Churg-Strauss syndrome




Churg–Strauss syndrome (CSS) is an autoimmune condition that causes inflammation of small and medium-sized blood vessels (vasculitis) in persons with a history of airway allergic hypersensitivity (atopy). It usually manifests in three stages. The early (prodromal) stage is marked by airway inflammation; almost all patients experience asthma and/or allergic rhinitis. The second stage is characterized by abnormally high numbers of eosinophils (hypereosinophilia), which causes tissue damage, most commonly to the lungs and the digestive tract. The third stage consists of vasculitis, which can eventually lead to cell death and can be life-threatening.


Churg–Strauss syndrome consists of three stages, but not all patients develop all three stages or progress from one stage to the next in the same order; whereas some patients may develop severe or life-threatening complications such as gastrointestinal involvement and heart disease, some patients are only mildly affected, e.g. with skin lesions and nasal polyps. Churg–Strauss syndrome is consequently considered a highly variable condition in terms of its presentation and its course.

Allergic stage

The prodromal stage is characterized by allergy. Almost all patients experience asthma and/or allergic rhinitis, with more than 90% having a history of asthma that is either a new development, or the worsening of pre-existing asthma, which may require systemic corticosteroid treatment. On average, asthma develops from three to nine years before the other signs and symptoms.

The allergic rhinitis may produce symptoms such as rhinorrhea and nasal obstruction, and the formation of nasal polyps that require surgical removal, often more than once. Sinusitis may also be present.

Epsinophilic stage

The second stage is characterized by an abnormally high level of eosinophils (a type of white blood cell) in the blood and tissues. The symptoms of hypereosinophilia depend on which part of the body is affected, but most often it affects the lungs and digestive tract. The signs and symptoms of hypereosinophilia may include weight loss, night sweats, asthma, cough, abdominal pain, and gastrointestinal bleeding. Fever and malaise are often present.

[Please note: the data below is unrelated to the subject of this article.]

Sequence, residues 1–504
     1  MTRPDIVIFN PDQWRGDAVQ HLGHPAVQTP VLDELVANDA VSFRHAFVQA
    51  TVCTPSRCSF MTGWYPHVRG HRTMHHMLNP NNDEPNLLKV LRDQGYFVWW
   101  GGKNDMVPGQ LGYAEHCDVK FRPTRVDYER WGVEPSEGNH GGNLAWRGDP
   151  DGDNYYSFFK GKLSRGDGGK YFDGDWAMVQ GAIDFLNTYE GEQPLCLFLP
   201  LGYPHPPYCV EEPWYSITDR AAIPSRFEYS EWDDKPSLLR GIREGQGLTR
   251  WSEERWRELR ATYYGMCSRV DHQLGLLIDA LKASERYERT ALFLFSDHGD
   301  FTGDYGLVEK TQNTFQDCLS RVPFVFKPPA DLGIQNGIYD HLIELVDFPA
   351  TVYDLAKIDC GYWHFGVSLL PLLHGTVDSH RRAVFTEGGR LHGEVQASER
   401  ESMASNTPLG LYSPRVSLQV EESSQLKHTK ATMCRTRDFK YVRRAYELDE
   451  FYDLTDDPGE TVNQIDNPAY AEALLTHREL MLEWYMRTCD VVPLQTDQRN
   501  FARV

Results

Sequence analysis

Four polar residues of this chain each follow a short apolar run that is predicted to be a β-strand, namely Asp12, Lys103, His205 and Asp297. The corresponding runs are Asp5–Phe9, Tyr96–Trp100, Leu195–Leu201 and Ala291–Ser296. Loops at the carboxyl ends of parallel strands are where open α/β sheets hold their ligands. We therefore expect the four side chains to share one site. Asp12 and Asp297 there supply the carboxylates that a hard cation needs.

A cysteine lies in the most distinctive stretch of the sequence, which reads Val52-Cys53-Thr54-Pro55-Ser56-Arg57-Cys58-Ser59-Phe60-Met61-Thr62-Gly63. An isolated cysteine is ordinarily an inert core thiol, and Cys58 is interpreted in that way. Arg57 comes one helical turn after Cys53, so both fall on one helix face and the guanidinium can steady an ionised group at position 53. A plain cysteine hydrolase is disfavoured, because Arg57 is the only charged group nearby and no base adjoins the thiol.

The eosinophilic stage can last months or years, and its symptoms can disappear, only to return later. Patients may experience the third stage simultaneously.

Vasculitic stage

The third and final stage, and hallmark of Churg–Strauss syndrome, is inflammation of the blood vessels, and the consequent reduction of blood flow to various organs and tissues. Local and systemic symptoms become more widespread and are compounded by new symptoms from the vasculitis.

Severe complications may arise. Blood clots may develop within the damaged arteries in severe cases, particularly in arteries of the abdominal region, which is followed by infarction and cell death, or slow atrophy. Many patients experience severe abdominal complaints; these are most often due to peritonitis and/or ulcerations and perforations of the gastrointestinal tract, but occasionally due to acalculous cholecystitis or granulomatous appendicitis.

The most serious complication of the vasculitic stage is heart disease, which is the cause of nearly one-half of all deaths in patients with Churg–Strauss syndrome. Among heart disease-related deaths, the most usual cause is inflammation of the heart muscle caused by the high level of eosinophils, although some are deaths to inflammation of the arteries that supply blood to the heart or pericardial tamponade. Kidney complications have been reported as being less common.


Churg-Strauss syndrome is rare. The cause of the syndrome is not known, but it involves an abnormal over-activation of the immune system in a person with underlying bronchospastic lung disease (asthma). While Churg-Strauss syndrome has been reported to be associated with certain asthma medications, called leukotriene modifiers, whether they actually cause the disease or whether the patients that take them have more severe asthma that lends a tendency toward the development of Churg-Strauss is not yet clear.


Diagnostic markers include eosinophil granulocytes and granulomas in affected tissue and antineutrophil cytoplasmic antibodies against neutrophil granulocytes. The American College of Rheumatology 1990 criteria for diagnosis of Churg–Strauss syndrome lists these criteria:

  • Asthma
  • Eosinophils greater than 10% of a differential white blood cell count
  • Presence of mononeuropathy or polyneuropathy
  • Unfixed pulmonary infiltrates
  • Presence of paranasal sinus abnormalities
  • Histological evidence of extravascular eosinophils

For classification purposes, a patient shall be said to have Churg–Strauss syndrome (CSS) if at least four of these six criteria are positive. The presence of any four or more of the six criteria yields a sensitivity of 85% and a specificity of 99.7%.


Churg-Strauss syndrome is a serious disease that can be fatal. Untreated it is extremely dangerous and threatens the organs that are affected. With aggressive treatment and monitoring it can be quieted and total inactivation of the disease (remission) is possible.


Treatment for Churg–Strauss syndrome includes glucocorticoids (such as prednisolone) and other immunosuppressive drugs (such as azathioprine and cyclophosphamide). In many cases, the disease can be put into a type of chemical remission through drug therapy, but the disease is chronic and lifelong.

A systematic review conducted in 2007 indicated all patients should be treated with high-dose steroids, but in patients with a five-factor score of one or higher, cyclophosphamide pulse therapy should be commenced, with 12 pulses leading to fewer relapses than six. Remission can be maintained with a less toxic drug, such as azathioprine or methotrexate.